Interesting to also see QBE announce plans to raise AU$1.3bn (US$825m) to act as a financial buffer in preparation for economic difficulties to come following the global pandemic.
Tough times. That is for sure.
Who doesn’t love keeping an eye on what the Amazons and Googles are up to?
This week we clocked Amazon sent out a health insurance survey to its sellers, suggesting (maybe?) that the company is looking into how it could use its insurance interests to help small businesses.
And another chapter in ‘the giants are coming’ story, the Google Cloud Healthcare API has hit the shelves (although not without a bit of controversy). Joining the likes of Microsoft and Amazon, it enables data sharing between healthcare applications and systems built on Google’s cloud architecture. Super interesting.
A couple of more randomly timed announcements that made me smile this week.
Blink chose this week, of all weeks, to launch Blink Luggage, its new travel insurance solution. Handy.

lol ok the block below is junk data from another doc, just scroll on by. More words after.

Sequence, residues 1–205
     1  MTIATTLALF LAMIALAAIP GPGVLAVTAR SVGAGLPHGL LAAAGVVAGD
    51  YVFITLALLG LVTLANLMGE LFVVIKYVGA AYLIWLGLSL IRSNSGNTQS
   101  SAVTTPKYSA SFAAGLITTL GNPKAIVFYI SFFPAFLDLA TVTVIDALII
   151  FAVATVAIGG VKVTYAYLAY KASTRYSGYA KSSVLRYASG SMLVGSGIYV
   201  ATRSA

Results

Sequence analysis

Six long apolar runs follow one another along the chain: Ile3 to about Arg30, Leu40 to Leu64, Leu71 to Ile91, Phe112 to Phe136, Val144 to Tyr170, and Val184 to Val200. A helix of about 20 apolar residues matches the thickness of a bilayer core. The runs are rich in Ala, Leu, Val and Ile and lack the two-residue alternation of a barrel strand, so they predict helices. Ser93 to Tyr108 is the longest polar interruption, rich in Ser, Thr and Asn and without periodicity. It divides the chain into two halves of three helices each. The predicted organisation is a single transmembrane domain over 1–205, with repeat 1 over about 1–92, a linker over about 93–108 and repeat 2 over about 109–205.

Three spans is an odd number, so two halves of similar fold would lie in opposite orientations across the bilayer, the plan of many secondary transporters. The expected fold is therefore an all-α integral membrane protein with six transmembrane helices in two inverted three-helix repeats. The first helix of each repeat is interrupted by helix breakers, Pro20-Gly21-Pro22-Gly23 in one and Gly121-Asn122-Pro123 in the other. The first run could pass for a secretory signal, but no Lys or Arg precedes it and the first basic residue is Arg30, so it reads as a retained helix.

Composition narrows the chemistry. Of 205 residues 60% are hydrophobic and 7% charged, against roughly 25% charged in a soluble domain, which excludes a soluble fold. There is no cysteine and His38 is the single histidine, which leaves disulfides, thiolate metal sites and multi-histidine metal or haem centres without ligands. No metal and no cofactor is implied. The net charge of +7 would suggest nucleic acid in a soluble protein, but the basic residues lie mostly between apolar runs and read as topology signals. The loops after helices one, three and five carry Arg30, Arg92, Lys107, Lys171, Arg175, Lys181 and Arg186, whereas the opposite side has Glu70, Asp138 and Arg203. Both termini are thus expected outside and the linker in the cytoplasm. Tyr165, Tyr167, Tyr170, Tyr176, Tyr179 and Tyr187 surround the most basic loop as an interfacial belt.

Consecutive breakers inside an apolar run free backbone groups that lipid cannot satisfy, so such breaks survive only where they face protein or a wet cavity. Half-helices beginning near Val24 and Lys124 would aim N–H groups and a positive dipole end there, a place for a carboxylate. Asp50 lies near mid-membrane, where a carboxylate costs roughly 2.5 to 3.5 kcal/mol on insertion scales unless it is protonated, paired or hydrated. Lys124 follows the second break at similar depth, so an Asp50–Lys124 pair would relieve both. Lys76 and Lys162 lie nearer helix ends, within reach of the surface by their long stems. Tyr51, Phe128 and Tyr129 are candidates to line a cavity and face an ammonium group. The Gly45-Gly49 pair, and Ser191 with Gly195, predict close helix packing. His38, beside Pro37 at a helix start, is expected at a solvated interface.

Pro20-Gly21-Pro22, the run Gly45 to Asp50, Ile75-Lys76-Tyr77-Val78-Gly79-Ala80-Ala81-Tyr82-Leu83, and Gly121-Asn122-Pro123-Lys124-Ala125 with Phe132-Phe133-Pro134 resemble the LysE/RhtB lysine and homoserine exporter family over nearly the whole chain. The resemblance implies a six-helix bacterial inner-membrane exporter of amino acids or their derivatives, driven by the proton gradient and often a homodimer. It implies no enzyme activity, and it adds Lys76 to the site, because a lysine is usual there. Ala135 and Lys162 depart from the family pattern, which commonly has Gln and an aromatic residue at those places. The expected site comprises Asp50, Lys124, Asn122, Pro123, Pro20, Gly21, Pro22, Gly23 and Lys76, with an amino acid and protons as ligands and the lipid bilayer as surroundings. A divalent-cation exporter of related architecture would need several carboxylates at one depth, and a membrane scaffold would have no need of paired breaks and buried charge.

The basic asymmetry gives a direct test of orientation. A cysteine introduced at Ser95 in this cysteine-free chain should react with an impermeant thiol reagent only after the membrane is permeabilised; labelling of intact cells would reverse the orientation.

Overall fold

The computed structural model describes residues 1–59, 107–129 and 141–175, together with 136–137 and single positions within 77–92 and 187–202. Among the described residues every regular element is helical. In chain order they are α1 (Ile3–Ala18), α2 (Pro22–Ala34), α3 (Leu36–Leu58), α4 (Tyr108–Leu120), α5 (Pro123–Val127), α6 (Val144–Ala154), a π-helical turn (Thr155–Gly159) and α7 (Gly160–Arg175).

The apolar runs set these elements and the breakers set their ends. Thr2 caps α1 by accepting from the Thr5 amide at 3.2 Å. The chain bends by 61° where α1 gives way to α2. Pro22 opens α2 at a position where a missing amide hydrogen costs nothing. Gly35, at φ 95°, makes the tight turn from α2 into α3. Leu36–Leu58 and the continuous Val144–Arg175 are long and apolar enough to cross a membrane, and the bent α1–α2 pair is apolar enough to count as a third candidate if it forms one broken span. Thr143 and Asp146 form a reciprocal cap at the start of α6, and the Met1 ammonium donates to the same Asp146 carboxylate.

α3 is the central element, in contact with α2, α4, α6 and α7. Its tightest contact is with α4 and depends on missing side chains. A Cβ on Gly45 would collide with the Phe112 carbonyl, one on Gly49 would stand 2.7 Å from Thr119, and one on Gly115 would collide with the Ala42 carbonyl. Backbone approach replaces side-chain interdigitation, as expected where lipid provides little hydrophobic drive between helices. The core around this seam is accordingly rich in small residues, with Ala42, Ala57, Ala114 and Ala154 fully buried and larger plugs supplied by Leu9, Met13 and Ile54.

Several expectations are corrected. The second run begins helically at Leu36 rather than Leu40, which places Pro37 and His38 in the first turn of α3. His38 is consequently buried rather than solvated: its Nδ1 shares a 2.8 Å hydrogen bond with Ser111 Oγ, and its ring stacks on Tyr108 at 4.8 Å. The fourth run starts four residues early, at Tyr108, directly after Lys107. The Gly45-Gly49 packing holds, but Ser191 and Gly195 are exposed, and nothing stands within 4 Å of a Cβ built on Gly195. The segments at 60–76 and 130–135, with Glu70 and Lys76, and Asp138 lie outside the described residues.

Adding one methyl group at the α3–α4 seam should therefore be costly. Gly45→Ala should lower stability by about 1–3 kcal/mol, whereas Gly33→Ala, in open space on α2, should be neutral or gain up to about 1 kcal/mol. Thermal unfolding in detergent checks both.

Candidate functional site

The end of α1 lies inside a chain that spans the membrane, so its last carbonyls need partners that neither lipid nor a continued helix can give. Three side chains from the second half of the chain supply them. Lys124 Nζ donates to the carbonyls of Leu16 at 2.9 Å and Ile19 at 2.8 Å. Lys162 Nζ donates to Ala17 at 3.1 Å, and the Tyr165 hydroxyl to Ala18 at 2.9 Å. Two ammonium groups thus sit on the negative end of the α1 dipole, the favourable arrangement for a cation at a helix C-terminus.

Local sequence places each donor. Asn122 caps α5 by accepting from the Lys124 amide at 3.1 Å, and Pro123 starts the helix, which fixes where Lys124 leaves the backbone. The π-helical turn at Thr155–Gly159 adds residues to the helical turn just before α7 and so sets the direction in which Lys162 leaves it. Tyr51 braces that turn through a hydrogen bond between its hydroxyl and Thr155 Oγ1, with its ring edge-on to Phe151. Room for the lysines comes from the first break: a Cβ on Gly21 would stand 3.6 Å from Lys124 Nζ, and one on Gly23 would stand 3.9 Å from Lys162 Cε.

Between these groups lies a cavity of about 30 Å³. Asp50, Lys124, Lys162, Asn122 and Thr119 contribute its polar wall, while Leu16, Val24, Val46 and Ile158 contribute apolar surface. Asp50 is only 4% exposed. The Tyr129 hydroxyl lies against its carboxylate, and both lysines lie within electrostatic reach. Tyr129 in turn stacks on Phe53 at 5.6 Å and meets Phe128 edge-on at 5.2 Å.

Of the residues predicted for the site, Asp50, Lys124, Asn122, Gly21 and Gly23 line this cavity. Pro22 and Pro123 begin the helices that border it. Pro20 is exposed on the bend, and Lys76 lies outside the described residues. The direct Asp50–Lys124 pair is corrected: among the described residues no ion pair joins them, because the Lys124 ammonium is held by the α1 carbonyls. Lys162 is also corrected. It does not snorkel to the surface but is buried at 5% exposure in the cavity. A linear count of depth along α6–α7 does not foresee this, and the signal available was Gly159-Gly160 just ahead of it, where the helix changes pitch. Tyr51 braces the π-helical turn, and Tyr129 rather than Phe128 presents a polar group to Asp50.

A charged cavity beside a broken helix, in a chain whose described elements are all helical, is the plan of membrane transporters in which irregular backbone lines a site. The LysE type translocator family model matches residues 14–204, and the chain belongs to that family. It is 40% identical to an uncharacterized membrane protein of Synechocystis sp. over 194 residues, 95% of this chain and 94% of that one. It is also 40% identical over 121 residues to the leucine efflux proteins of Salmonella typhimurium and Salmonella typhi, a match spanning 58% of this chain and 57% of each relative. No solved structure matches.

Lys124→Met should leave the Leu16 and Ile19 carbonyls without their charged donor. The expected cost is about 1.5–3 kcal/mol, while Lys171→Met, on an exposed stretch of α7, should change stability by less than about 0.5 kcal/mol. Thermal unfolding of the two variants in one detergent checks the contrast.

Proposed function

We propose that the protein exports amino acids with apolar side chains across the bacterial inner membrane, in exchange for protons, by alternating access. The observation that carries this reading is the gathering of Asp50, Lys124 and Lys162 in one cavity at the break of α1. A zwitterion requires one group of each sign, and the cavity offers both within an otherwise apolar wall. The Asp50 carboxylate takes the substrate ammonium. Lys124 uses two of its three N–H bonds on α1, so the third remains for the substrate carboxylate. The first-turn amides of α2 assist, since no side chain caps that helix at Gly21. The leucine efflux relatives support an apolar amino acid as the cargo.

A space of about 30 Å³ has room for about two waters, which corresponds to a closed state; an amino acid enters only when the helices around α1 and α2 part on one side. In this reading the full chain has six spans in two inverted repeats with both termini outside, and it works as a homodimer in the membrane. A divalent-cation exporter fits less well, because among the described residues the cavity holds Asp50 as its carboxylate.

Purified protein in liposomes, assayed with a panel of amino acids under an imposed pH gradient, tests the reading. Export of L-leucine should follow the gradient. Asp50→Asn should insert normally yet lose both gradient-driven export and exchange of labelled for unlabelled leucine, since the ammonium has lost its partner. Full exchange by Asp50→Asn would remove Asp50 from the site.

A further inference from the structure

And Babel Cover, in partnership with Atlas and Piprate, launched its bicycle insurance for competitive cyclists and athletes. Okay.
And so that is it for me this week.
A reminder for all those who’d like access to our Accelerating Digital Innovation in Response to Covid-19 report, drop me a line and I’ll ping you over a copy.
And if you haven’t read ‘The Future of Telehealth’ report we published earlier this month, you probably should. It’s a good ‘un.
Last thing is we’re running a webinar, provisionally Tues 5th at 17.30 BST, to explore how automotive insurers are responding to a post Covid-19 world, and the impact it will have on the end-to-end customer experience. More on this next week.
Have good weekends all. Keep safe out there.
Sø.Nws is brought to you by Sønr.
Sønr is a world-leading market intelligence platform created specifically for the insurance sector. It is used by small and large insurance companies, around the world, to accelerate corporate innovation.
It provides intelligence on market trends, competitor playbooks and disruptive tech companies globally. It also has a number of features that help you track and manage scouting activity across your organisation.